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Geneva Palais Briefing - UNICEF Rohingya refugee response funding

© UNICEF/Brown
Rohingya children and families flee to Cox’s Bazar district in Bangladesh. More than half a million new refugees have crossed into Cox’s Bazar since 25 August.

This is a summary of what was said by UNICEF spokesperson Marixie Mercado – to whom quoted text may be attributed – at today's press briefing at the Palais des Nations in Geneva.

GENEVA/NEW YORK, 17 October 2017 - Without immediate additional funding, UNICEF will not be able to continue providing lifesaving aid and protection to Rohingya children who have fled horrific violence in Myanmar for refuge in Bangladesh. Almost 60 per cent of the 582,000 refugees who have fled Myanmar since August 25 are children – and thousands more are crossing each week.

The growing needs are far outpacing resources. As of today, UNICEF has received just 7 per cent of the $76 million required to provide emergency support to children over the next six months. Donors include the Central Emergency Relief Fund managed by OCHA, the Governments of Canada, Japan, the United Kingdom and the United States; the French, German, Japanese, Malaysian, Swiss, UK and US national committees for UNICEF; as well as the King Abdullah Foundation and Education Cannot Wait.

Without more funding:

• We will have to stop treating and trucking water to over 40,000 people who otherwise would have no access to safe water by the end of November.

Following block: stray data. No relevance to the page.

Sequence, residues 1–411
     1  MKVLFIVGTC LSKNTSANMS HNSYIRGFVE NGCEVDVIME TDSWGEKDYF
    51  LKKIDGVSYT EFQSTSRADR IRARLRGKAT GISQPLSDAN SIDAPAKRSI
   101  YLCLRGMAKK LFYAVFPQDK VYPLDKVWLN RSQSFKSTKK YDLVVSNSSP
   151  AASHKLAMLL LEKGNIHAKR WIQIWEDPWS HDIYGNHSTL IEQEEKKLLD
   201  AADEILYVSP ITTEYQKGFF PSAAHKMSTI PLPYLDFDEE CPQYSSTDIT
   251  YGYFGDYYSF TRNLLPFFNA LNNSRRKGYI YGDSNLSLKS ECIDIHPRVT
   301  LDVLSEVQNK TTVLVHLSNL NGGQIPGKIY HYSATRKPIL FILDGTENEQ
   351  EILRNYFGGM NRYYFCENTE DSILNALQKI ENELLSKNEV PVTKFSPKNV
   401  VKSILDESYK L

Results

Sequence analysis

• We have built 180 water points, but will not be able to build the additional 1,400 that are required to meet the needs of 350,000 people.
• We have installed 3,700 toilets, but without more resources, we will not be able to install another 12,000 needed by 250,000 people.
• We will not be able to procure supplies of ready-to-use therapeutic food to treat 15000 children suffering from life-threatening severe acute malnutrition (SAM).
• Some 80,000 children will have no access to basic healthcare, and about 100,000 newly-arrived refugee children will not be immunized against measles, rubella or polio.
• We will not be able to adequately respond to a massive outbreak of water-borne disease because we will not have the trained staff and supplies.
• Unaccompanied and separated children will be deprived of the case management services they desperately need.

Rohingya children have already endured atrocities. All of them need the lifesaving basics – shelter, food, water, vaccinations, protection – not tomorrow or next week or next month, but right now. UNICEF is appealing to donors to help fulfil these children’s most fundamental right; to survive.

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Notes for editors:

Broadcast quality photos and videos available here

For further information please contact:

Marixie Mercado, UNICEF Geneva +4179 5597172; mmercado@unicef.org
Jean Jacques Simon, UNICEF Bangladesh, jsimon@unicef.org, +880 01713043478
Chris Tidey, UNICEF New York, ctidey@unicef.og  +1 917 340 3017

About UNICEF
UNICEF works in some of the world’s toughest places, to reach the world’s most disadvantaged children. Across 190 countries and territories, we work for every child, everywhere, to build a better world for everyone. For more information about UNICEF and its work for children visit www.unicef.org

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